Come and meet Rex at Sydney Wildlife World


1. The Last Living Dinosaur

With school holidays upon us now is a great time to start planning a trip to Sydney to see The Last Living Dinosaur at Sydney Wildlife World in Darling Harbour, plus all the other fantastic attractions that Sydney has to offer.

If you need accommodation for your stay then Metro Hotels has two apartment properties ideally located directly opposite Sydney Wildlife World and Darling Harbour.
Metro Apartments on Darling Harbour and Metro Apartments on King offer ideal family accommodation right in the heart of the city and close to all major attractions.
To book your accommodation contact Metro Apartments on Darling Harbour and Metro Apartments on King directly.
For more information on seeing Rex and all the other animals at Sydney Wildlife World contact them directly on 02 8251 7884.

2. You can’t miss it

  • There is something lurking in the water at Darling Harbour… one of the world’s largest crocodiles is making his way to Sydney Wildlife World
  • Be among the first to see The Last Living Dinosaur exhibit featuring a monster croc, when he takes up residence at Sydney Wildlife World this summer. But don’t get too close…crocodiles eat more people per year than any other predator in the world!
  • Weighing more than a small car and measuring just under 5 metres, it’s one of the world’s biggest crocodiles. Visit this monster croc and be fascinated by a living dinosaur at Sydney Wildlife World’s unique multi-layer exhibit.
  • Experience a piece of Northern Territory when you journey through the authentic Kakadu setting that this apex predator will share with fish, birds and bush from the Northern Territory – all just a stones-throw from Sydney’s CBD in Darling Harbour.
  • Today’s crocodiles remain almost unchanged from the ancient Deinosuchus that roamed the earth 200 million years ago. Deinosuchus translates to “terrible crocodile” and was thought to be capable of killing and eating large dinosaurs. A life-size replica of the “terrible crocodile” will feature in the new interactive zone at Sydney Wildlife World.
  • Sydney Wildlife World features the largest collection of native Aussie animals and plants under one roof, with over 130 different species. Don’t miss the must-see attraction at Sydney Wildlife World this summer.

WHAT: Monster croc at Sydney Wildlife World’s NEW The Last Living Dinosaur exhibit

WHERE: Sydney Wildlife World, Darling Harbour, Sydney.

WHEN: The exhibit will open to the public on Tuesday December 22, Sydney Wildlife World is open from 9.00am – 6.00pm everyday of the year (last ticket sales at 5pm)

HOW MUCH: Adult $31.95, Child $17.95, Concession $22.50, 1 Adult & 2 Children $58.00 and 2 Adults & 2 Children $85.00

VISIT: or call 133 FUN for more information

WOW Croc facts

  • They have remained almost unchanged in appearance for over 200 million years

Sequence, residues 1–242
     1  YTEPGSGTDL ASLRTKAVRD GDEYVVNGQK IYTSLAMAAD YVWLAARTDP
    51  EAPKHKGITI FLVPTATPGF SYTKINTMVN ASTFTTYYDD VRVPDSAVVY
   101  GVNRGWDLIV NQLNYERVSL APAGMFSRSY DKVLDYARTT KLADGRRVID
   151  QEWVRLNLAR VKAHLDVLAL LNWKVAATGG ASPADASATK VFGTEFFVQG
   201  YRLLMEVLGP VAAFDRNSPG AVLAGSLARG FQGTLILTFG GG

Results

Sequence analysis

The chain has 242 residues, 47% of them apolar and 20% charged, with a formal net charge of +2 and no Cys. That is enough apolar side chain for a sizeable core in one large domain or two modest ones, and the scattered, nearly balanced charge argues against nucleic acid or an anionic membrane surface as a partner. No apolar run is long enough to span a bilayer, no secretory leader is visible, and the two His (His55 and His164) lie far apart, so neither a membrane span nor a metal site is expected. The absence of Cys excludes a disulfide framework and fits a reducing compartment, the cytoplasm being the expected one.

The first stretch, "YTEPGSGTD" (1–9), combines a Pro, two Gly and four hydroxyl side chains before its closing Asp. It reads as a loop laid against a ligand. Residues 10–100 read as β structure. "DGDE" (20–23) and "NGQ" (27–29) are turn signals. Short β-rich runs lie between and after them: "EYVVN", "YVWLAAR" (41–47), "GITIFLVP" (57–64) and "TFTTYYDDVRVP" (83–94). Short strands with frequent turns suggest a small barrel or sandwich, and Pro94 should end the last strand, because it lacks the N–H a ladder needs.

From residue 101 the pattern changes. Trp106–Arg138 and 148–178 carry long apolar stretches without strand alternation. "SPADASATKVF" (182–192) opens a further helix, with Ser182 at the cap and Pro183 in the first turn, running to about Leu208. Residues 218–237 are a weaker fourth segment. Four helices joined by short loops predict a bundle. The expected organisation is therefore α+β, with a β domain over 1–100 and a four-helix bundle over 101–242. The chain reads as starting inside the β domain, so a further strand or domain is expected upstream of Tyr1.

• Crocs are real man-eaters. They eat people because they can. It is the number one predator. They’re at the top of the food chain wherever they’re found.
  • Jaws close three times faster than our eyes can see
  • The jaws can exert a pressure of 3,000 lbs/square inch (the pressure from a single tooth would be like an elephant wearing stilettos stepping on your toe)
  • Crocodiles can swim at speeds of over 15km/hr – almost twice as fast as the world record for a human swimmer (8.5km/hr)
  • crocodiles eat more people per year than any other predator on earth
  • For 100 million years Deinosuchus or ‘terrible crocodile’ coexisted with the dinosaurs and was the true Super Croc. At 12m (40ft) and 6 tons  ‘Deino’ was one of the largest crocodilians to have lived.  Crocodiles are the last true ruling reptile, not only surviving but at the top of the food chain wherever they are found, they’re the last living cousin of the dinosaur
  • or: 100 million years ago, there was a giant crocodilian called Deinosuchus (which means ‘terrible crocodile’). At  12 metres in length and a weight of 6 tons it was one of the largest crocodilans ever. It even ate dinosaurs. The only real difference between Deinosuchus and modern crocodilians was size.
  • Of the 23 crocodile species in the world, the Australian saltwater crocodile is the largest
  • The difference in size between a baby crocodile and an adult is greater than in any other four-legged animal. A male can increase in weight by over four orders of magnitude from hatching to full adult size. In human terms, this would be like an average 3.5kg newborn baby reaching an adult weight similar to that of a humpback whale (35,000kg, or 35 metric tonnes).  An adult male crocodile may be 20 times the length it was at hatching, which is the equivalent of a 50 cm average human baby reaching and adult height of 3 storeys (10 metres).
  • Although cold blooded and covered in scales, they are more closely related to birds than to other living reptiles
  • Crocodiles can stay underwater for hours by dropping their heart rate to 2-3 beats per minute